Alternative medical “cures” flunk out en masse

June 10, 2009 | By | 8 Replies More

According to the Associated Press, numerous alternative medical cures have now been tested by the U.S. government, at great cost, and almost none of them show any promise at all in controlled studies sponsored by the National Center for Complementary and Alternative Medicine:

Ten years ago the government set out to test herbal and other alternative health remedies to find the ones that work. After spending $2.5 billion, the disappointing answer seems to be that almost none of them do.


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Category: Health, Medicine, Science, scientific method

About the Author ()

Erich Vieth is an attorney focusing on consumer law litigation and appellate practice. He is also a working musician and a writer, having founded Dangerous Intersection in 2006. Erich lives in the Shaw Neighborhood of St. Louis, Missouri, where he lives half-time with his two extraordinary daughters.

Comments (8)

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  1. Niklaus Pfirsig says:

    The referenced article shows a bias in that it mentions the biggest failures while only listing minor examples of success.

    There are dozens of herbal remedies that passed clinical trials, and are effective treatements for many conditions. None are cures, but Bitter Melon does help lower blood glucoes and bilberry does improve night vision. Many of these treatments may show promise for pharmaceutical products in the future and must be studied, but the article spins such studies and research as a waste of government funds, and as such promotes the notion that only mass produced drugs (many of which are made from herbs) cna be used to treat disease.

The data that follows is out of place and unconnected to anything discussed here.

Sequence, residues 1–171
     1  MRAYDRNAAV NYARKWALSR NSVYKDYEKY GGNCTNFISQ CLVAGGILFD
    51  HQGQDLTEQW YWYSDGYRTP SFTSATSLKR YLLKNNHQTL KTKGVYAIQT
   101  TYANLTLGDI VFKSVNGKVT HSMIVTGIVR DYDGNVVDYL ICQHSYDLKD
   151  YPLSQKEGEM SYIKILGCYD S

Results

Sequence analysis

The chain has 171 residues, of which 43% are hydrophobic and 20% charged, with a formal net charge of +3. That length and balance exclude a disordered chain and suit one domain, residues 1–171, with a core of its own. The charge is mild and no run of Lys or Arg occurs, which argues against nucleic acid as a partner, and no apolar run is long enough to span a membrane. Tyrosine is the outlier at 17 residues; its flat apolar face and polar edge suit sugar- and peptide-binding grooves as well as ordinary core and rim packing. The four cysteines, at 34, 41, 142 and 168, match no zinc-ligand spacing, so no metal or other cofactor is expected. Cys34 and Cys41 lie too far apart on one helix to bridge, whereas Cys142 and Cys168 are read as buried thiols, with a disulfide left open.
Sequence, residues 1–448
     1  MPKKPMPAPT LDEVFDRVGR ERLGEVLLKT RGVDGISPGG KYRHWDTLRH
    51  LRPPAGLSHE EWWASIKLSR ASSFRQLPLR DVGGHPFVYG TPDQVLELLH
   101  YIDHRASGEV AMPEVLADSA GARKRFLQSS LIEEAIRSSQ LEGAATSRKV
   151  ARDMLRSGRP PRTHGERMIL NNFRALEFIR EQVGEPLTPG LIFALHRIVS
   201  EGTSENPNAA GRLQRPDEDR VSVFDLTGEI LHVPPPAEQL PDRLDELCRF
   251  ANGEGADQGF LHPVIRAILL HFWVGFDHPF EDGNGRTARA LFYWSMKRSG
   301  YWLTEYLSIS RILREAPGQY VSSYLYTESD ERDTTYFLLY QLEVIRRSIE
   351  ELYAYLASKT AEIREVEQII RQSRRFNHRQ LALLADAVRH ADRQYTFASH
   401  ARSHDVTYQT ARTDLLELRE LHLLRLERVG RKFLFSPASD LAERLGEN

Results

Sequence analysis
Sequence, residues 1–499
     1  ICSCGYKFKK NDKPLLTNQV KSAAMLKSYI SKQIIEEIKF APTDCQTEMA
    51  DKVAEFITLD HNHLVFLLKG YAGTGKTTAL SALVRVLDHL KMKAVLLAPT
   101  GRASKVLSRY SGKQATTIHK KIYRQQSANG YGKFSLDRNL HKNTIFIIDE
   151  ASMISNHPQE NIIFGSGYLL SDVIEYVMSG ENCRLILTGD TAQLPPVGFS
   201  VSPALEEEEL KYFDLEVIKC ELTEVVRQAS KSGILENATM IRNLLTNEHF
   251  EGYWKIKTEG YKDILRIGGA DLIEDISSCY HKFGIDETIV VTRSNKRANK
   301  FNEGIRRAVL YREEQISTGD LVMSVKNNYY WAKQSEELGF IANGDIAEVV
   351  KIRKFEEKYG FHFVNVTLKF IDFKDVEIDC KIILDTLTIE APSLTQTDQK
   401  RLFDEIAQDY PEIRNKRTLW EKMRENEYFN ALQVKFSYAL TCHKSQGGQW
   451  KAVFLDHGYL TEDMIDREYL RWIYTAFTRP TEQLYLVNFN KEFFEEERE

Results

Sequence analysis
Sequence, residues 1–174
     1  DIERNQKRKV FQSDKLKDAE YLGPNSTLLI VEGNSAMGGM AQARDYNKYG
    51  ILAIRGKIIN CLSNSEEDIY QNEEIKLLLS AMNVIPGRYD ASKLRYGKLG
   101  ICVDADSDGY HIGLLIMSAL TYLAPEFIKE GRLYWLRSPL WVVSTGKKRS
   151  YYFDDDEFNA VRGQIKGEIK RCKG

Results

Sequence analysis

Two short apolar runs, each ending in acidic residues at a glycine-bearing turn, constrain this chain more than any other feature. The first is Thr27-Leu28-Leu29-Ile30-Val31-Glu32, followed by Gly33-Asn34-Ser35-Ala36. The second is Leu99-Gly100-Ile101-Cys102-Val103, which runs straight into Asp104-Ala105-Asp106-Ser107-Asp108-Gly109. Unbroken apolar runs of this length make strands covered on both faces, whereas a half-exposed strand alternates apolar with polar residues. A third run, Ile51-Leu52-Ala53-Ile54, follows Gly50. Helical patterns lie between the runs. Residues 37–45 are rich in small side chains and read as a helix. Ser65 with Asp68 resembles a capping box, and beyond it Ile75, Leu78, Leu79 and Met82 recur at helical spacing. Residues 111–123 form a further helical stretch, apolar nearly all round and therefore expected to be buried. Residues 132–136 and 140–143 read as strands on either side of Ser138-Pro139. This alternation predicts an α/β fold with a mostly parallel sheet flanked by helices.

2. cheesemissile says:

    The Associated Press can suck it. Of course the gov'ment doesnt want natural homegrown remedies to replace billions of dollars of revenue a year in symptom-suppressant pills. So I bet they'll spend some dolla to "prove" that nature doesn't cure, only labs do.

    • Erich Vieth says:

      I agree with Erika on her many points, Cheesemissile. But I would add my confusion that you would be frustrated with the Associated Press for merely reporting the findings. Go to the website of the National Center for Complementary and Alternative Medicine for first-hand verification that many alternative "remedies" are worthless, aside from the placebo effect that might occur. Therefore, there's no need for you to buy expensive magnets, dandelions or bottles of colloidal silver. There's no evidence that homeopathy works. Additionally, there is no evidence that any of the following work:

      Echinacea for colds. Ginkgo biloba for memory. Glucosamine and chondroitin for arthritis. Black cohosh for menopausal hot flashes. Saw palmetto for prostate problems. Shark cartilage for cancer.

      You'll find all of this at the NCCA, which, according to the Associated Press article, has a research agenda that is "shaped by an advisory board loaded with alternative medicine practitioners."

      Consider all of the hype for these alternative remedies, many of which are hawked by big box stores. Wouldn't you think that you would have SOME major successes? Yes, conventional western medicine has many failures, but it appears that "alternative medicine" is, as a rule, highly suspicious, even when put under a somewhat sympathetic microscope.

  3. Erika Price says:

    Cheesemissile: the fact that pharmaceutical companies can profit from the efficacy of pharmaceuticals is not proof that clinical trials are rigged. It's not even suggestive. Also take into account that many purveyors of western medicine also own or profit from alternative medicine- alternative "immune system boosters" such as Airborne are owned by mainstream pharmaceutical companies, and drug-peddling CVS and Walgreens stores all across the country sell supplements, herbal remedies, homoepathic "cures" and other alternative medicines. How is it possible that Big Pharma wants to quash alternative healing when they can profit from it just as easily?